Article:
Among the reports the researchers reviewed were cases involving a vizsla, Weimaraner and Rhodesian ridgeback. The ridgeback was the heaviest, at 31 kilograms (68 pounds).

Small, short-haired dogs were represented more frequently, however, with the most common breeds being Chihuahua, Italian greyhound, pug, dachshund, basenji and Boston terrier.

Altogether, the German researchers reviewed the cases of 42 dogs. Most cases were derived from previously published studies, while 16 were from the EudraVigilance Veterinary database, a log of pharmaceutical adverse events reported in the European Union.

The most common clinical signs of exposure were swollen vulvas and hair loss (alopecia).

The paper also reported the cases of 13 cats, 11 of which were documented in the EU database.

Neubert said the feline data was revelatory in that clinical signs of exposure were found to be commonly behavioral and more severe than in dogs — sometimes leading to tragic ends.

One strikingly severe feline case was described in detail in a paper by researchers in Sweden published in the journal Veterinary Record in October 2022. Cases in that paper came from adverse event reports to the Swedish Medical Products Agency and the same EU pharmacovigilance database tapped by the researchers in Germany.

The unfortunate cat was one of three belonging to a woman who used a hormone spray on her upper arms twice daily for menopausal symptoms. According to the account, about two weeks after the owner began using the drug, the cat, a spayed, 3½-year-old sphynx — a hairless breed — began acting as though she was in heat, or estrus. She vocalized excessively, lost her appetite, raised her hindquarters and was "extra-affectionate."

A second cat in the household, a 2½-year-old castrated male sphynx, also began behaving differently. "Reported signs included anxiety, increased signs of territorialism and increased sexual interest in the female cat," the authors wrote.

Believing that the female neutered cat had retained ovarian remnants, her veterinarian prescribed the drug deslorelin, a synthetic sex hormone, to counteract the effects. But a month later, the researchers reported, she was worse: "[T]he signs progressed to include strong vocalisation, unusual territorial urination outside of the litter box, hyporexia [a prolonged decrease in appetite], insomnia and abnormal 'psychotic' behaviours."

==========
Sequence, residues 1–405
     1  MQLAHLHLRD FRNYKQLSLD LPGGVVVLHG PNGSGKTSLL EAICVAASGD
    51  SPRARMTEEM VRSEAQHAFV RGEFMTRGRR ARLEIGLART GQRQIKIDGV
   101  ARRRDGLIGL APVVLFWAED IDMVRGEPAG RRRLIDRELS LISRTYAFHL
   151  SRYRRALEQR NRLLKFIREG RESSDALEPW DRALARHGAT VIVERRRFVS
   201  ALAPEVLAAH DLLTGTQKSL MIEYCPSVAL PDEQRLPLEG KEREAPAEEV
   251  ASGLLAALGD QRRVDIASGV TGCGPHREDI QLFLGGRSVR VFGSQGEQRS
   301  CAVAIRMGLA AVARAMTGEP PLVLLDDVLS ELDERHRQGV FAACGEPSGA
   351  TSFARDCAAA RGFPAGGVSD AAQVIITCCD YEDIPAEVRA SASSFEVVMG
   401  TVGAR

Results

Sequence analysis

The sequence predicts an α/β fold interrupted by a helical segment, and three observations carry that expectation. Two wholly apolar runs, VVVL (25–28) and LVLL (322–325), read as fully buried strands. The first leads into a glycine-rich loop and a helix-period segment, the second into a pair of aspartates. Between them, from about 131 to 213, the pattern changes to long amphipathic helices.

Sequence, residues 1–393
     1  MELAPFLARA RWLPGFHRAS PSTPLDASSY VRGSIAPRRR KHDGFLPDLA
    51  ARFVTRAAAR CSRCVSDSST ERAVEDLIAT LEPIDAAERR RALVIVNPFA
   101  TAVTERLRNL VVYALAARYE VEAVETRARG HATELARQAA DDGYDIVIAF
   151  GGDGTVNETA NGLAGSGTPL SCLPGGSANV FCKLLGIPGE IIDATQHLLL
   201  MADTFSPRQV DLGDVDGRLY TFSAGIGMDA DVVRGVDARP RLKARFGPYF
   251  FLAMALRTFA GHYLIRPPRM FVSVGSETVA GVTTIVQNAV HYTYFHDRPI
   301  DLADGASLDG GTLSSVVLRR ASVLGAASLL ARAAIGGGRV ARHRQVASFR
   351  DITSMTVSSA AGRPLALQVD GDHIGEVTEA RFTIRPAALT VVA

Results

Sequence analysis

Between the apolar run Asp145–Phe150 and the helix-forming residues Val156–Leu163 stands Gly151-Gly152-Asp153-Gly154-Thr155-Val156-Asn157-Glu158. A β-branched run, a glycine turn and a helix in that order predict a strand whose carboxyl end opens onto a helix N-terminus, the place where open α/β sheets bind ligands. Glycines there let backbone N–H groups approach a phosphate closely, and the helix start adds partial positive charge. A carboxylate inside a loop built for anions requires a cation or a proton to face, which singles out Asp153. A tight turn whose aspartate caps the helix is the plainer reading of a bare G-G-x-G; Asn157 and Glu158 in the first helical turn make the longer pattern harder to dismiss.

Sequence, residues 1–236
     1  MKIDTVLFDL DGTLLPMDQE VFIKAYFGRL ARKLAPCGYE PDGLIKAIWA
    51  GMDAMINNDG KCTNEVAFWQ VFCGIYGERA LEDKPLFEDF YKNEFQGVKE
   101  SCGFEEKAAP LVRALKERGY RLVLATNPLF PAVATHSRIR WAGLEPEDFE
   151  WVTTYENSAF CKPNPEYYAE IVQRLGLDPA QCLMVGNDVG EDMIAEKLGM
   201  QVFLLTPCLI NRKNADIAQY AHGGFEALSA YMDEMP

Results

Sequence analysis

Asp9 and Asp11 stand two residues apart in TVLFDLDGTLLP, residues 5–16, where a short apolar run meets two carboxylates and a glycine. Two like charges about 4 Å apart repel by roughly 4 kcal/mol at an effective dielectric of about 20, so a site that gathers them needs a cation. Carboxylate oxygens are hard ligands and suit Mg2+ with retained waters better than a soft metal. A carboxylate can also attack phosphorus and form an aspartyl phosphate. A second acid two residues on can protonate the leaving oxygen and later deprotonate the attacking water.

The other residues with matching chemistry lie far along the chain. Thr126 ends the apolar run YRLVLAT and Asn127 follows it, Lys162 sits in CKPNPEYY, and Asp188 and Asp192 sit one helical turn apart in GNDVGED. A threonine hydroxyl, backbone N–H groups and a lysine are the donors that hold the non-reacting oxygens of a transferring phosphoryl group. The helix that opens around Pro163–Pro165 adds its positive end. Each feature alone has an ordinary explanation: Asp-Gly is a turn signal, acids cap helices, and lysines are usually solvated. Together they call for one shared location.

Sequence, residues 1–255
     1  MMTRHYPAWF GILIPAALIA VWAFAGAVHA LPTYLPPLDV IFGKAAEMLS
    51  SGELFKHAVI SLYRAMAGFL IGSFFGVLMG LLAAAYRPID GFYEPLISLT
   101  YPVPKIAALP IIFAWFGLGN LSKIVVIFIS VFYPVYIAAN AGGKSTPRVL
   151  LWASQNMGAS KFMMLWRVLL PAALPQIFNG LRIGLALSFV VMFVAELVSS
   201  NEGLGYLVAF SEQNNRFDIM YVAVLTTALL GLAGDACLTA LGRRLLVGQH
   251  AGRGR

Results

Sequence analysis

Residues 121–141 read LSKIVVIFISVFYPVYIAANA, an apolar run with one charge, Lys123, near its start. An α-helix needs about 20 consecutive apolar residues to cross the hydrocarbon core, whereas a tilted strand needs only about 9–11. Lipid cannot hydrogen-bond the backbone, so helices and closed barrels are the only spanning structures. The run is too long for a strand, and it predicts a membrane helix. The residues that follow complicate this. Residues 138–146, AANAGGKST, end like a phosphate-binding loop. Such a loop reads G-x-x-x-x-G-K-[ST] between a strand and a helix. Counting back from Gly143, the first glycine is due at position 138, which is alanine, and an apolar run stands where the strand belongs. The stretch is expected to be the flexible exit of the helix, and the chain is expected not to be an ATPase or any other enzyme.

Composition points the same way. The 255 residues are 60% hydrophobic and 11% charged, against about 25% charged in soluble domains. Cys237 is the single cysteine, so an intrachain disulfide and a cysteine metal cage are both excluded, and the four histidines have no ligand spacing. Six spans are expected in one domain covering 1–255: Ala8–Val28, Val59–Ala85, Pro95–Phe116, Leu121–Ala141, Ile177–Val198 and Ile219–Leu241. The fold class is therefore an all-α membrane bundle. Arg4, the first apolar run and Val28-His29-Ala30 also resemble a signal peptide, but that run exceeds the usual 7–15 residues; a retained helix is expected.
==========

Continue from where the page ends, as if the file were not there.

The cat was then given the drug gabapentin, which acts on the nervous system. A month later, her "general health status ... had deteriorated." She was given the hormone progesterone. Her health worsened.

Exploratory surgery followed. The surgeon found no ovarian remnants. The owner ultimately elected to have the cat euthanized due to its poor health and unremitting exaggerated signs of estrus.

Later, the woman adopted a 12-week-old unneutered male sphynx kitten. Soon, she noticed that the kitten's mammary glands were enlarged. A veterinary exam found that the kitten also had unusually small testes.

It was at that point that the owner and veterinarian identified the owner's hormone therapy as a suspected cause of her cats' problems. The owner stopped using the therapy, the kitten was treated with the steroid aglepristone, and within a week, both male cats had improved and eventually recovered fully.

Another reported instance with fatal outcomes involved two exposed intact female cats. As recounted by the researchers in Sweden, the pair were unusually small, weighing between 2 and 3 kilograms (4½ and 6½ pounds) each. As Norwegian forest cats, a large breed, normal weight would have been 3½ to 7 kilograms (7.7 to more than 15 pounds), according to Neubert. Both cats gave birth to litters with stunted or stillborn kittens.

In a third instance described in the Swedish paper, an exposed intact female cat was similarly undersized. She gave birth to a kitten with myocele — a condition in which muscle protrudes through its sheath — malformed legs and paralysis. The kitten was euthanized.